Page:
Bonus Content: Issue 2

Bonus Content is the new feature where we talk about things we don’t usually cover. Last week we did a round up of mini reviews for iPhone games which was popular enough to have us consider doing more of the same. This week on Bonus Review I’m veering even further away from our usual subject matter.

This week I want to talk about movies. Well, one movie in particular but I’ll reference other movies too. That movie is Avatar, James Cameron’s latest box-office smashing epic.

I know this won’t be a particularly popular point of view to have but I thought Avatar was, at it’s very best, a distinctly average movie. Yes, it had unbelievable cgi which was almost perfect. The 3D was done exceptionally well; it was almost tasteful rather than gimmicky. It wasn’t a very good film though. And here’s why.

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The Plot.

It’s already an old joke to compare Avatar’s plot to Disney’s Pocahontas movie but that’s actually a pretty accurate comparison. The “Technology-obsessed invaders vs Nature-loving natives” is a tried and tested device which plays on a general conservative paranoia that technology (or science) will end up destroying us and we’d all be much better off if we just put the shutters down again and went back to believing in those crazy mythologies (or religion). Avatar does this as obviously as possible. It is the same plot as Pocahontas but it’s also the same plot as many other films, including, to an extent, The Last Samurai. Which moves me nicely onto the next issue I had with Avatar.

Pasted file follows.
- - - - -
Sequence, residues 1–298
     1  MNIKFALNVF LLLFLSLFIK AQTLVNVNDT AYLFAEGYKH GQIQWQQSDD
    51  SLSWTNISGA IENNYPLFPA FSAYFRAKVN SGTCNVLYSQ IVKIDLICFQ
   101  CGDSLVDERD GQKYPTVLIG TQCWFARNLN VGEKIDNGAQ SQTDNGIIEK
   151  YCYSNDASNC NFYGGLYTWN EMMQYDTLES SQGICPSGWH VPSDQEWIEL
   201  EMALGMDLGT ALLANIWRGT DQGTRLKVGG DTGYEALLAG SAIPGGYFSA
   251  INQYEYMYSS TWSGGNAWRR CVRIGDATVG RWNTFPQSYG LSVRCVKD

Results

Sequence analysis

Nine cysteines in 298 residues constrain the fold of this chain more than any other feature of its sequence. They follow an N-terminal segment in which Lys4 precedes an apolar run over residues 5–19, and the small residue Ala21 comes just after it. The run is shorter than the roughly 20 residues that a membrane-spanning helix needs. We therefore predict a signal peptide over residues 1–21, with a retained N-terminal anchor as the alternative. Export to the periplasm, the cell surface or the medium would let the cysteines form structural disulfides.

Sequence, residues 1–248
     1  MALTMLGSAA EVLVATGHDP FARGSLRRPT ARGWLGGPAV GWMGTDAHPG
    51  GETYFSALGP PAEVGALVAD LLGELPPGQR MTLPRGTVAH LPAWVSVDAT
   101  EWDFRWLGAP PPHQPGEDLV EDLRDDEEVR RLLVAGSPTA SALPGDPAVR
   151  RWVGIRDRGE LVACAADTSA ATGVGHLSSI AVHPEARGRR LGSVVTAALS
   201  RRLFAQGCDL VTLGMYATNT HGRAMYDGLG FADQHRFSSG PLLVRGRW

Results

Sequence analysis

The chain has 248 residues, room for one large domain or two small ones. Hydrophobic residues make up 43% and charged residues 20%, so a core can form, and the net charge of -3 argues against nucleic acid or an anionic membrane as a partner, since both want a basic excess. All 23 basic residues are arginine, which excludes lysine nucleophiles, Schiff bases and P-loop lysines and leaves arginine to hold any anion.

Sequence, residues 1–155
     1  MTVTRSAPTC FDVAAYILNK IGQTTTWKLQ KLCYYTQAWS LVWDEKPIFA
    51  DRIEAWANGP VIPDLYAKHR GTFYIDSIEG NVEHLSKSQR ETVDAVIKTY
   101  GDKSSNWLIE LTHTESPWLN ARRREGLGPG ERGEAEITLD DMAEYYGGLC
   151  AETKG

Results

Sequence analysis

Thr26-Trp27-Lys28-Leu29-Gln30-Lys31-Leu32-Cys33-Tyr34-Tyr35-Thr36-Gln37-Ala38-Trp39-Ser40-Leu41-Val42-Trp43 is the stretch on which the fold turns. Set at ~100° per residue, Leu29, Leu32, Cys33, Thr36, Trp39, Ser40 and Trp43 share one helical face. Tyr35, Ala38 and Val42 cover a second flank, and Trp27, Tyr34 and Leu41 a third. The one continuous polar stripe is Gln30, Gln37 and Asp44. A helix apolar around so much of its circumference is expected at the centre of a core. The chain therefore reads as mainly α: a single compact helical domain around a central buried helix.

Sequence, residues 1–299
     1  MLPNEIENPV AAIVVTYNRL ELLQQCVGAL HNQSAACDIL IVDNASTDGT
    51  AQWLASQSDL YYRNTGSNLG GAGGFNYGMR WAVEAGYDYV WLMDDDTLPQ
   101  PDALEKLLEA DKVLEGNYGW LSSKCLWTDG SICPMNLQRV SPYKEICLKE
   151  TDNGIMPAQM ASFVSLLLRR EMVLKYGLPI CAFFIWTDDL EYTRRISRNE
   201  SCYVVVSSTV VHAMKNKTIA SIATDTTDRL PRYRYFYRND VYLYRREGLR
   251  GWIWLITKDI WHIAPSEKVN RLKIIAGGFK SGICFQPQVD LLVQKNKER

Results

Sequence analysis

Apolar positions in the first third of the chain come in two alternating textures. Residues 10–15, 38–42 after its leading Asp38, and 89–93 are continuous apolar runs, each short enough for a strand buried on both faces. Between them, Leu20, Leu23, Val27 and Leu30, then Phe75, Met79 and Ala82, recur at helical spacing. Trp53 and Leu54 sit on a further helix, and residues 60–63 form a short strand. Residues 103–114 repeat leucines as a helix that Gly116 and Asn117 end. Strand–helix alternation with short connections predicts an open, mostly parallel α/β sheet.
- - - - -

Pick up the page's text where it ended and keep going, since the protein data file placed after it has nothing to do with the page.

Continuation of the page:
The Message.

I’ve heard people say that Avatar has a really good message that we should learn from. Those people are idiots. I assume they mean the superficial but glaringly obvious message (stop mining all our resources and be nice to less technologically advanced cultures) that is set on top of the other, disgusting messages which permeate the movie.

First amongst these is that it’s not okay to be disabled. Jake, the lead character, is in a wheelchair. My mother is in a wheelchair, I know what it’s like to be around wheelchairs. It’s not something to look down on (well, factually I suppose I do have to look down to see people in wheelchairs but you know what I mean). And yet Avatar uses Jake’s disability as a weakness he can be manipulated with. The insidious villain (Quaritch) even offers him a fix for his disability if he cooperates with the subterfuge – “We’ll make you a normal person again if you betray these blue monkey-cats”. At the end of the movie Jake finally wins the overall struggle against his demons by getting legs that work. Why can’t a disabled character just be disabled and still have the virtuous traits that let us empathise with them and see them as heroic?

Interestingly, my mother didn’t have an issue with this; I suppose she’s used to that general assumption. She did, however, think that it was a bit weird that in the future, when they “fix” their second-class citizens and make them whole again, they still make every building and spaceship (including trailers in the jungle) wheelchair accessible. That is a bit odd.

The second disgusting message in Avatar, and the one that likens it to The Last Samurai (or Dances With Wolves or any one of a number of similar movies) is that we can only integrate with other cultures if we get to be better than them and, eventually and rather obviously, rule over them.